Bahai News - Barbara Lee Addresses Growing Interfaith Peace Movement U.S. Newswire
10 Dec 12:55

Barbara Lee Addresses Growing Interfaith Peace Movement

To: City Desk
Contact: Kerry Riley of Interfaith Communities United for Justice
and Peace, 626-683-9004 or 626-683-9400

S ANGELES, Dec. 10 /U.S. Newswire/ -- Congresswoman Barbara Lee (D-Oakland) addressed nearly 1000 members of a growing faith-based peace movement at an interfaith worship service Sunday at the Agape International Spiritual Center in Culver City.

The service featured invocations by members of Christian, Muslim, Jewish, Native American and Bahai International Spiritual Center and long time civil rights activist Rev. James Lawson also took part in the service.

The event was one in a series organized by Interfaith Communities United for Justice and Peace (ICUJP), a local coalition of more than 80 religious and secular organizations from many faith traditions. The coalition came together after the September 11th terrorist attacks to promote interfaith unity and alternatives to war. It is one of the largest and fastest growing pan-faith peace coalitions in the United States.

ICUJP's basic premise is that faith-based communities have a crucial role in fostering peace and justice, and that organized religion must stop blessing war. This premise is gaining credibility. The coalition's previous service was attended by more
than 800 people, and featured actor Martin Sheen and Congresswoman Diane Watson (D-Culver City).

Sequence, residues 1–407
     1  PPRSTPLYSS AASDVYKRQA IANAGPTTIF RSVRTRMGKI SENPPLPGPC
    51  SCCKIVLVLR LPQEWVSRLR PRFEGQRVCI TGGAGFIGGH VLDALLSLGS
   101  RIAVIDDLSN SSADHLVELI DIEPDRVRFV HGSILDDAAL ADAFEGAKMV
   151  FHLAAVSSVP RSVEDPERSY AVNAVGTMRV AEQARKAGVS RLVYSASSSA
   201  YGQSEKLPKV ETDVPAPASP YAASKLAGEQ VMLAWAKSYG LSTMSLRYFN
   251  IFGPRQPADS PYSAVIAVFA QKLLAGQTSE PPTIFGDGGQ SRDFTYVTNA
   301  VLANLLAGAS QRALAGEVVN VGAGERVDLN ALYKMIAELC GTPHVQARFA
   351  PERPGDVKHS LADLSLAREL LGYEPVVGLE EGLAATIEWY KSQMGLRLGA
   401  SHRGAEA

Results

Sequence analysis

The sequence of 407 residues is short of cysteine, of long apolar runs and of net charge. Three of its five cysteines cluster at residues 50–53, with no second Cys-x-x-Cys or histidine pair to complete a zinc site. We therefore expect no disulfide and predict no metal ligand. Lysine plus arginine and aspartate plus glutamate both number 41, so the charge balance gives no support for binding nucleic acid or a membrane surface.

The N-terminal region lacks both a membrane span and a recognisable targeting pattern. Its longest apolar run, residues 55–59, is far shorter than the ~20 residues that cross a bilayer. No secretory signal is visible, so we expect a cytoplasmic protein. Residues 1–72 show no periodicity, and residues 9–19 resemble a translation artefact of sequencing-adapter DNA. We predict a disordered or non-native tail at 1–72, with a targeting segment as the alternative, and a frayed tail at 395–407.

Congresswoman Lee was the only member of Congress to vote against the resolution authorizing President Bush to use "all necessary and appropriate force" against anyone associated with the terrorist attacks of September 11. I am convinced that military action will not prevent further acts of international terrorism against the United States," said Lee of her vote.

Members of the coalition agree, stating that while the war in Afghanistan has resulted in unknown numbers of civilian casualties, it has done very little to change the conditions that foster terrorism.

"The fall of the Taliban has not made us any safer from terrorist attack," said Lisa Smithline, a member of Interfaith Communities United for Justice and Peace and the Agape International Spiritual Center. "This movement is growing because people are recognizing that our safety depends on fundamental changes in policy that address the roots of terrorism."


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